Interest in Personal Protection Flourishes in America’s Heartland
A pair of neighboring states located in the center of the country are representative of a national trend of law-abiding Americans acquiring permits to carry firearms for personal protection—and they appear to be doing so at a record-breaking pace.
Last week, the Oklahoma State Bureau of Investigation (OSBI), the agency entrusted with authorizing handgun licenses (what Oklahoma calls its concealed-carry permits) under the state’s Self-Defense Act, reports it received a record number of first-time handgun license applications in January, shattering the previous high set in 1996.
The 4,970 initial applications accepted by OSBI last month outnumbered the previous high, set in February 1996, the second month after enactment of the Self-Defense Act, by more than 1,000. Including renewals, the state agency received 6,107 handgun license applications in January.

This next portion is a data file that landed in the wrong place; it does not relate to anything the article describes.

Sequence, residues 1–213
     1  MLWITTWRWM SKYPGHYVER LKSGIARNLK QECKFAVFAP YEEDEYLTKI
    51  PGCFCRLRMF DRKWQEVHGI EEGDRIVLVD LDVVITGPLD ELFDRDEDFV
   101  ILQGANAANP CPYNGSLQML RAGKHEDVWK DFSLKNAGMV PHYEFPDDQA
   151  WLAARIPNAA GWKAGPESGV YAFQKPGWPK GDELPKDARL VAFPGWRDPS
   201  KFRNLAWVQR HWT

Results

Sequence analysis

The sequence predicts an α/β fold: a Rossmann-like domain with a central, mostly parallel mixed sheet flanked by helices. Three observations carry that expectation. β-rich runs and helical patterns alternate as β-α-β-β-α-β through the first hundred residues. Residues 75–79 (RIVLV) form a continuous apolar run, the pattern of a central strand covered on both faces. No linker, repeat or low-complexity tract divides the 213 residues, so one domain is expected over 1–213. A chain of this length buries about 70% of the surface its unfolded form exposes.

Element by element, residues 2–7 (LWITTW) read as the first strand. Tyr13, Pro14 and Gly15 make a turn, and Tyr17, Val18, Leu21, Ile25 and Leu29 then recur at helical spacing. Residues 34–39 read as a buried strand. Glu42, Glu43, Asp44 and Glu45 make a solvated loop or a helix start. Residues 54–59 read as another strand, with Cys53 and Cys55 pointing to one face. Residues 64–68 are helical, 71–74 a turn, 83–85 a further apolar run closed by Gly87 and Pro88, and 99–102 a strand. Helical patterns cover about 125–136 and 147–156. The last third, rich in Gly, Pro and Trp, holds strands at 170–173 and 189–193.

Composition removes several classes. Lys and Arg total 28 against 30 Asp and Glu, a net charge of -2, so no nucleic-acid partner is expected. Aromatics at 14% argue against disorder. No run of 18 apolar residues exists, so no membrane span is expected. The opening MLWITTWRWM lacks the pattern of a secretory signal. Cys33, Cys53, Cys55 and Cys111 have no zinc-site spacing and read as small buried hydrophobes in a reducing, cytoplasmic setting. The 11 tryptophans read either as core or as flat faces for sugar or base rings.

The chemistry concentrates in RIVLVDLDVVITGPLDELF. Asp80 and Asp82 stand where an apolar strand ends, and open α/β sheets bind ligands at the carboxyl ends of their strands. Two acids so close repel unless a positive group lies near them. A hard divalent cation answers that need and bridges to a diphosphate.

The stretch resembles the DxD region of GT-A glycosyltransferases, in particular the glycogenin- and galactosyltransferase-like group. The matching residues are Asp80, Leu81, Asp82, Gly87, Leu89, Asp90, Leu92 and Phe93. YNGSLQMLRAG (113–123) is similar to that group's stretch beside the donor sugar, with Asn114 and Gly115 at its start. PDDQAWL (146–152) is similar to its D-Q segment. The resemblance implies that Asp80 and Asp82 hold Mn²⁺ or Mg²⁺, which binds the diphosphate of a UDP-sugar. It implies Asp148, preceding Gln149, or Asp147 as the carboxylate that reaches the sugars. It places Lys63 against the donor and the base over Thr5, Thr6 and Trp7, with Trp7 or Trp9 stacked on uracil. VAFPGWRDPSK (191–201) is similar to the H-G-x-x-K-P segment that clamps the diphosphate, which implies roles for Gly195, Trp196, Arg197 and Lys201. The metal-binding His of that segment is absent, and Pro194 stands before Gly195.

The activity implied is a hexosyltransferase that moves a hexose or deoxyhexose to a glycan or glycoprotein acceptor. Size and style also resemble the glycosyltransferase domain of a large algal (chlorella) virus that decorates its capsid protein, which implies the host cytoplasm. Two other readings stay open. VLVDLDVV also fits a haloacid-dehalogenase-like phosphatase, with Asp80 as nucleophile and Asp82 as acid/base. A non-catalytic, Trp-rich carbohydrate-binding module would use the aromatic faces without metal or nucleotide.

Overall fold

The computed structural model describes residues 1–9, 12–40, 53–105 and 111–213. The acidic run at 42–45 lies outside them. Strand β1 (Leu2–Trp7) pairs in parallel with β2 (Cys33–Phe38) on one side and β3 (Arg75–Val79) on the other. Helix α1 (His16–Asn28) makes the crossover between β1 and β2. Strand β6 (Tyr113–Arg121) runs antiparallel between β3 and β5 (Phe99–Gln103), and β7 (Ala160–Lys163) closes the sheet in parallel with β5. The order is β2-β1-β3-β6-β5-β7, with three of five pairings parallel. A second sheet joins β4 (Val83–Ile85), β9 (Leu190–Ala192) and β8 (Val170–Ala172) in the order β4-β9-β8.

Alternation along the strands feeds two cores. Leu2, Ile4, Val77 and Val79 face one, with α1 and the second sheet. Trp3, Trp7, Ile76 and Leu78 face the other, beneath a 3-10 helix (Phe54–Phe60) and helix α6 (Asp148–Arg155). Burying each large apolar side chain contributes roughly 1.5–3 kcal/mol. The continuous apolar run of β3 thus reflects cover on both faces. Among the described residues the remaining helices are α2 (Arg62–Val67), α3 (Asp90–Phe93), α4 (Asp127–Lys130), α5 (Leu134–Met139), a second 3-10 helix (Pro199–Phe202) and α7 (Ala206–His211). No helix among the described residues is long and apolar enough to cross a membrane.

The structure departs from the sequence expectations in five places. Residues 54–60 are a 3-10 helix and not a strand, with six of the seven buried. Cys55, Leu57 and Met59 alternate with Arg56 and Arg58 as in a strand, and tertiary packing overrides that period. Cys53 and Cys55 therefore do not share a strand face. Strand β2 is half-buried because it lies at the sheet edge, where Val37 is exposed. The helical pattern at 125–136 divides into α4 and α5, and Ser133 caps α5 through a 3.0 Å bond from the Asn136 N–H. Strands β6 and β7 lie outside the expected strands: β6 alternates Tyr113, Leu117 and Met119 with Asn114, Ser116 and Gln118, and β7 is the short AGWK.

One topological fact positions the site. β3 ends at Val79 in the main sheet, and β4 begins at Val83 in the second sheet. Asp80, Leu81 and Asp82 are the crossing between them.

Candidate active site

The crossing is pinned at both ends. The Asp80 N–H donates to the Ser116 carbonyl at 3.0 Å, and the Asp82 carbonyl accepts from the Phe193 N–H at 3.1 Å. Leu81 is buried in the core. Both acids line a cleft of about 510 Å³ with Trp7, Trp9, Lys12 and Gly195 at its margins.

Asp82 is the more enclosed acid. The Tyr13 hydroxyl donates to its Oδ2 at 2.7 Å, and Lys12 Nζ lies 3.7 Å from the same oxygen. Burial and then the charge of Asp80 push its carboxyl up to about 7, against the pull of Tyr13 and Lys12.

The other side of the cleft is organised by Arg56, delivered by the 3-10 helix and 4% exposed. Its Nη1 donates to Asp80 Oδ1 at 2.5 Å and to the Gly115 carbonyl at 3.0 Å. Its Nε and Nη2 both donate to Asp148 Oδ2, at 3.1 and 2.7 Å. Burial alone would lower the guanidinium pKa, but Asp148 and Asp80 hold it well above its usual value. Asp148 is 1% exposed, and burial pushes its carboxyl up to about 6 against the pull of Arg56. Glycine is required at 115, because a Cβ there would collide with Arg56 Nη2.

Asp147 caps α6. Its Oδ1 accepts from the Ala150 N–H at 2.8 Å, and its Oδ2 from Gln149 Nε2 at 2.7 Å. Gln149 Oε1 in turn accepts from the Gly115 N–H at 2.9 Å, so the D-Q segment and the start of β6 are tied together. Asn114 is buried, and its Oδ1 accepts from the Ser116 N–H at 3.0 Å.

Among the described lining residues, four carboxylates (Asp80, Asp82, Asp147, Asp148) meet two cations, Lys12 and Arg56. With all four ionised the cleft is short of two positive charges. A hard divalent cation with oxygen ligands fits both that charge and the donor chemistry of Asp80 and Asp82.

The 39,875 concealed-carry permits issued by OSBI in 2012 bested the previous year’s total by more than 15,000.
According to an agency press release, the OSBI has hired more full-time and part-time workers for the Self Defense Unit and is using employees in other divisions of OSBI to assist in handling initial gun-licensing applications.
To the north, Kansas also set a single-month record in January for the number of new concealed-carry permit applications, according to a press release from Kansas Attorney General Derek Schmidt.
The Attorney General’s Concealed Carry Handgun Unit received 3,167 applications last month, topping the previous one-month record set in March 2012, when 1,651 Kansans applied for concealed-carry permits.
The Kansas Concealed Carry Program was established in 2006 by the Kansas Personal Family Protection Act (KSA 76-7c-01), with the first permits issued in 2007. Currently, 52,317 Kansans have active permits to carry concealed handguns.